The vertical pale grey bars represent confirmed cases, but with a small adjustment for test positivity (ie the proportion of tests for Covid-19 that return positive on any one day). Victoria's test positivity over the last few months is shown in this chart, which makes clear that the proportion of positive tests is still low (ie good) by international standards:

This next chart shows the impact of that positivity correction:

Finally, here are the forecasts for the actual number of confirmed cases, having back-transformed the original positivity-corrected forecasts back to the scale of the numbers we see reported:

The modelled values for positivity-adjusted cases, infections, and effective reproduction number can be downloaded as a CSV.

The Covid-19 outbreak in New South Wales

The NSW estimates are not currently being updated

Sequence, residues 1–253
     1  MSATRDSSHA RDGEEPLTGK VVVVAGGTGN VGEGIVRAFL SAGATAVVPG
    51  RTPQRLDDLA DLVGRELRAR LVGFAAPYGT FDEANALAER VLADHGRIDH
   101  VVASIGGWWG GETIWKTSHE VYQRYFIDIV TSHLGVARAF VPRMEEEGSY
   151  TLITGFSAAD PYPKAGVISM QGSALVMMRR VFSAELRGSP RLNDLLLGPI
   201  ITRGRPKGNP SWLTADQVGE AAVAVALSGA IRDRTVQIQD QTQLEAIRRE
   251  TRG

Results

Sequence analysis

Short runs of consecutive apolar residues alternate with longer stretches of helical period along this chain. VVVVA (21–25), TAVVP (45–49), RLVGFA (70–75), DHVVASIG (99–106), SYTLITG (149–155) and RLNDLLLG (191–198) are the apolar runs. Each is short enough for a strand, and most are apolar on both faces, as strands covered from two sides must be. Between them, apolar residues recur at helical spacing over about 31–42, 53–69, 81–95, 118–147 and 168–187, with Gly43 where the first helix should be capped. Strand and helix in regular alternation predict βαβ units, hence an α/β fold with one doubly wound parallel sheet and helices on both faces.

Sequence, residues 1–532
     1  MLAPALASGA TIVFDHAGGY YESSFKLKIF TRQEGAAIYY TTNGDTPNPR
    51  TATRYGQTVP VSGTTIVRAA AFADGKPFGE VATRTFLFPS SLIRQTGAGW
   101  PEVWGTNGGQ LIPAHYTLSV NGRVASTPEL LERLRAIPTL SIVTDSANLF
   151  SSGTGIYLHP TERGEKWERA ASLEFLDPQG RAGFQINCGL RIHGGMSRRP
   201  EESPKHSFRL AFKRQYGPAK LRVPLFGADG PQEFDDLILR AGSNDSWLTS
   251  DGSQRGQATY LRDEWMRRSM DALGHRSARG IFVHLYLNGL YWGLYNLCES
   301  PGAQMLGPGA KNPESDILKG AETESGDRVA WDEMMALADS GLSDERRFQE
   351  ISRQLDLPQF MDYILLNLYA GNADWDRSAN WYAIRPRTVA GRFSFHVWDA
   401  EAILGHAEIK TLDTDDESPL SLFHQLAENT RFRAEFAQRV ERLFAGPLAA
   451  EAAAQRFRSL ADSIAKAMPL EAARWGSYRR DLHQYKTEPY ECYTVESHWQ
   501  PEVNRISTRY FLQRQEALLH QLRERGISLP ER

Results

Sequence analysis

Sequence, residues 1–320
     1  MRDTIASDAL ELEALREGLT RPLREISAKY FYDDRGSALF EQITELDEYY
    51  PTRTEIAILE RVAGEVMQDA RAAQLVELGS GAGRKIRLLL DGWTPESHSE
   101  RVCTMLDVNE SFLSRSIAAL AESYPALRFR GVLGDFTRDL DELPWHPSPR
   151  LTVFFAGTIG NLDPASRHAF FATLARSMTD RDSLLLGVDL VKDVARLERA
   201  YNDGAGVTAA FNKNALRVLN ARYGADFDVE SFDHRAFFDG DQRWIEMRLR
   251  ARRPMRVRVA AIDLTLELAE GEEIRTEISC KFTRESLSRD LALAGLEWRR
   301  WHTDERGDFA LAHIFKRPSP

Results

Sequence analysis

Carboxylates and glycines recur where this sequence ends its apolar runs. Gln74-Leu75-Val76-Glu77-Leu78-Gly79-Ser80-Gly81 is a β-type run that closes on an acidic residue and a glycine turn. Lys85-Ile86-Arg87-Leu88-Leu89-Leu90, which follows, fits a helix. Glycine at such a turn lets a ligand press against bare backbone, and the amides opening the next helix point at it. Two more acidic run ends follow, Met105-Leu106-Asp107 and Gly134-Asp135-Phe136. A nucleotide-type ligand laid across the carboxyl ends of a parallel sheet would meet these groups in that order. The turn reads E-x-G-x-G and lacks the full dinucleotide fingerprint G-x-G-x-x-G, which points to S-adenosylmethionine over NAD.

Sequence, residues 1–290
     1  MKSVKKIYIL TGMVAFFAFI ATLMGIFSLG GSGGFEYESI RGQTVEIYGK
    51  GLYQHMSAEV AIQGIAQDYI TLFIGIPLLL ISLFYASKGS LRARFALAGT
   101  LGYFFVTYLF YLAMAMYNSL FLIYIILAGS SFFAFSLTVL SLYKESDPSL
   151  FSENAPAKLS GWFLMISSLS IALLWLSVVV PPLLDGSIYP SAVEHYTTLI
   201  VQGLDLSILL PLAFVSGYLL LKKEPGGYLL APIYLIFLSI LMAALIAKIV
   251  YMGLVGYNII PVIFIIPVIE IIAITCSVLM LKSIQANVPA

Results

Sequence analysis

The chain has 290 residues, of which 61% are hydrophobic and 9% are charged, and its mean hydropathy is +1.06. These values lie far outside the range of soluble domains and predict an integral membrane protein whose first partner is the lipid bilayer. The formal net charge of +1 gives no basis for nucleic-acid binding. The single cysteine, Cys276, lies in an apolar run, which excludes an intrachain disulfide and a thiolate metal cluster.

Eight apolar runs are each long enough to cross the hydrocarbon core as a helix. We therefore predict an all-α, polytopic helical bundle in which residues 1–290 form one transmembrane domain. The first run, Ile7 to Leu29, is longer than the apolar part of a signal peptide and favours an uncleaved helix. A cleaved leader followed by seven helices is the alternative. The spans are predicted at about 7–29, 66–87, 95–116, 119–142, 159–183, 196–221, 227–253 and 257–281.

The last update for NSW was estimated on 23 September 2020, with the data available at that moment. There are too few cases (yay!) to make it worthwhile updating these estimates for now. This decision will be revisited if community transmission in NSW increases beyond 5 cases per day.The charts below are out of date.

For each of the three time series shown, the green segment on the left shows a period of time that is substantively settled. The brown/orange segment is a "nowcast" - still heavily impacted by delays in incubation and reporting, but with at least some partial data. The final blue segment is a forecast.

The darker part of each ribbon reflects the estimated 50% credibility interval - the range within which a particular variable (infections, cases, or effective reproduction number) is believed to have a 50% chance of occurring, were the truth to be known. The wider, paler part of each ribbon is a 90% credibility interval.